Comment, Prose

Searching for Beauty in Law

by Zixin Jiang Having come to law from a background in philosophy, I’m sometimes asked which of the two I like better. The two are similar, e.g. they both test a combination of logical and verbal skills. I find both very interesting. Philosophy can be very abstract sometimes, whereas law has a more obvious practical […]

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Comment, Prose

Indices of the Soul

by Zixin Jiang Why is it said that the eyes are windows to the soul? One common interpretation is that our eyes reveal our innermost thoughts and emotions. There’s probably some truth to that; a person’s eyes can sometimes reveal whether they are lying, or faking a smile. However, a seasoned orator may be able […]

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Comment, Prose

Like as the Hart

by Zixin Jiang Of all the songs we sing at Oriel Chapel, nothing makes me feel like a hypocrite quite like this line does: ‘Like as the hart desireth the waterbrooks, so longeth my soul after thee, O God.’ ‘Lord, have mercy’? I can sing that. ‘It is right to give Him thanks and praise’? […]

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Comment, Prose

The Paradox of Tradition

by Zixin Jiang At Oriel Choir this term, we are trying to revive (or rather, revive the enforcement of) the tradition of wearing cassocks (those red things we wear) during rehearsals before a service. I knew this was something we were supposed to do, but I never really knew why. Apparently, the point is to […]

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Collection

Highlights of 2016

A selection of some of 2016’s most popular articles on our website ‘Oxford: A café map’ – Sophie Barnes   Oriel Interviews: “I like to be popular…”   ‘Misinformation in the Rhodes Campaign’ – Madeline Briggs   ‘Periods, Taboos and Female Shame’ – Emma Gilpin   ‘Chicken Run or Ritual Slaughter’ – Jacob Warn   ‘Remembering […]

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Comment, Prose

Communicating Convictions

by Zixin Jiang ‘Jesus never invited anyone to a “lunchtime talk”,’ said a comedian on an Oriel comedy night last year. She was referring to the weekly talks organized by the Christian Union (CU), of which I am a part, on various questions about Christianity. You get a free sandwich lunch, a cookie, a piece […]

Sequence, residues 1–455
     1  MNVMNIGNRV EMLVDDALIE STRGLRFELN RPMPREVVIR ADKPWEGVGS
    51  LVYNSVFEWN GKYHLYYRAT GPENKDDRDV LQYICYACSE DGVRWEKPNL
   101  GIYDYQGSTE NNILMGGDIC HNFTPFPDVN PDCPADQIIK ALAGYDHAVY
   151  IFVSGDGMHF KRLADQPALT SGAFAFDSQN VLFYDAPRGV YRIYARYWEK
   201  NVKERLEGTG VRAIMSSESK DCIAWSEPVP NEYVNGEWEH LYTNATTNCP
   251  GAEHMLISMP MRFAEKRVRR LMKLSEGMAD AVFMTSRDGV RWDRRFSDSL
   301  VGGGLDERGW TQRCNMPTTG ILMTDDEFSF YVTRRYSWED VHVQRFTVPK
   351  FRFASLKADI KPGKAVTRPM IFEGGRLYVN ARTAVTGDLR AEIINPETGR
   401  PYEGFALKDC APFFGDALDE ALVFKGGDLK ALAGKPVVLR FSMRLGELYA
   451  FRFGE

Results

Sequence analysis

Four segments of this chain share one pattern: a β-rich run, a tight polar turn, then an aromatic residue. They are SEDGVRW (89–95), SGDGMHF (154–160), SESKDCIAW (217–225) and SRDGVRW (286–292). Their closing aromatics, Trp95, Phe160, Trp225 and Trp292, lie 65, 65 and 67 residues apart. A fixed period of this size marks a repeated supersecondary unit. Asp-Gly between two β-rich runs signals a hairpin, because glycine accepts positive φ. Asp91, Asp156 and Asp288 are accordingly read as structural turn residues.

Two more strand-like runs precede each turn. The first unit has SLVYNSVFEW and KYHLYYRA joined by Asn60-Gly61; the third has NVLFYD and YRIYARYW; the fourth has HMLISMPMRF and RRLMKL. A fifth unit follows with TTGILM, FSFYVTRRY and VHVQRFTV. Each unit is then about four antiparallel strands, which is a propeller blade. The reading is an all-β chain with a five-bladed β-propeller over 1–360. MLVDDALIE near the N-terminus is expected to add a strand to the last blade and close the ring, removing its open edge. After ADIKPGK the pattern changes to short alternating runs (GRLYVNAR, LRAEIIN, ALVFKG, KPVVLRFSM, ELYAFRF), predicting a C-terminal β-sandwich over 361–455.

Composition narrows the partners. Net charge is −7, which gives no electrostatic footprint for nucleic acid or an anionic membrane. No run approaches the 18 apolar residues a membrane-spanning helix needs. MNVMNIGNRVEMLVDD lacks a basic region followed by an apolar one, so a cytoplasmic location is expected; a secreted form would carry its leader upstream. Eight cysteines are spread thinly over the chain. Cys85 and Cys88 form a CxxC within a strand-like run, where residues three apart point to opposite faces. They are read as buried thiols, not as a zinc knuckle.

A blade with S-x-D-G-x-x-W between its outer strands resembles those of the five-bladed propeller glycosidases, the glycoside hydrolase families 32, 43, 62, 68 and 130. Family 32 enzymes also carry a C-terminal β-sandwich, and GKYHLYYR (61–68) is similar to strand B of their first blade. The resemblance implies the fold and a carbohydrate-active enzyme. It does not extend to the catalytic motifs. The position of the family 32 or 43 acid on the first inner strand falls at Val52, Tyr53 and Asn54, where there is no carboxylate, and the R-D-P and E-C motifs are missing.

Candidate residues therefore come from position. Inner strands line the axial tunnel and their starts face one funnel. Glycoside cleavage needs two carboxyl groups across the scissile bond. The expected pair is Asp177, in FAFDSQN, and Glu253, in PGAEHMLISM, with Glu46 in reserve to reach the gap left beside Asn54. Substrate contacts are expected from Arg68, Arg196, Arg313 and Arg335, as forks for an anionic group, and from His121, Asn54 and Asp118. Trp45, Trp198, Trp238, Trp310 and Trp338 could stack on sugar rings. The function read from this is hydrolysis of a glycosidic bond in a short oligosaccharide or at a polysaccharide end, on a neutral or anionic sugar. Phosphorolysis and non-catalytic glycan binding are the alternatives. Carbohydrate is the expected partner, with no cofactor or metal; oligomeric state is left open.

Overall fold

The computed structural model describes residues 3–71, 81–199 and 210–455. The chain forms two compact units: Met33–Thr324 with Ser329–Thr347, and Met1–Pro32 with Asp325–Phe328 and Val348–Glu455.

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Comment, Prose

Narnia Revisited: The Wheaton Question

by Zixin Jiang Wheaton College’s decision to fire a professor for claiming that Christians and Muslims worship the same God made me think again about an article titled Praying to Aslan, by Bill Wood, which addresses this question and was published in The Poor Print last November. What does it mean for two persons to […]

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Comment, Prose

The Jaded International: Returning the IB to its Roots

by Salma Barma, Matthew Hull & Zixin Jiang An international education today means long flights, private schools and the International Baccalaureate (IB). It is seen as a standard of elite education and a key to prestigious universities. Pessimists among us would argue that it has become characteristic of a social class preoccupied with self-advancement and […]

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Prose

滿江紅 – A New Translation of an Ancient Chinese Poem

by Zixin Jiang Background Ngok Fei (1103-1142) was a Chinese general in the Song dynasty. In 1126, the northern Jurchen civilisation invaded the Song dynasty and captured the Song capital Kaifeng and the Song emperor. Ngok Fei led the Song army in wars against the Jurchens and was about to recapture Kaifeng when the reigning […]

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Culture, Prose

From the Perspective of an Alien

by Zixin Jiang Picture this: a class of teenage Chinese students sitting with their desks arranged in a circle, listening semi-attentively as their American teacher reads from an essay by an Etonian from the 1940s about what ‘Englishness’ is. This was my sixth-form English literature class, and the essay we were studying was George Orwell’s […]

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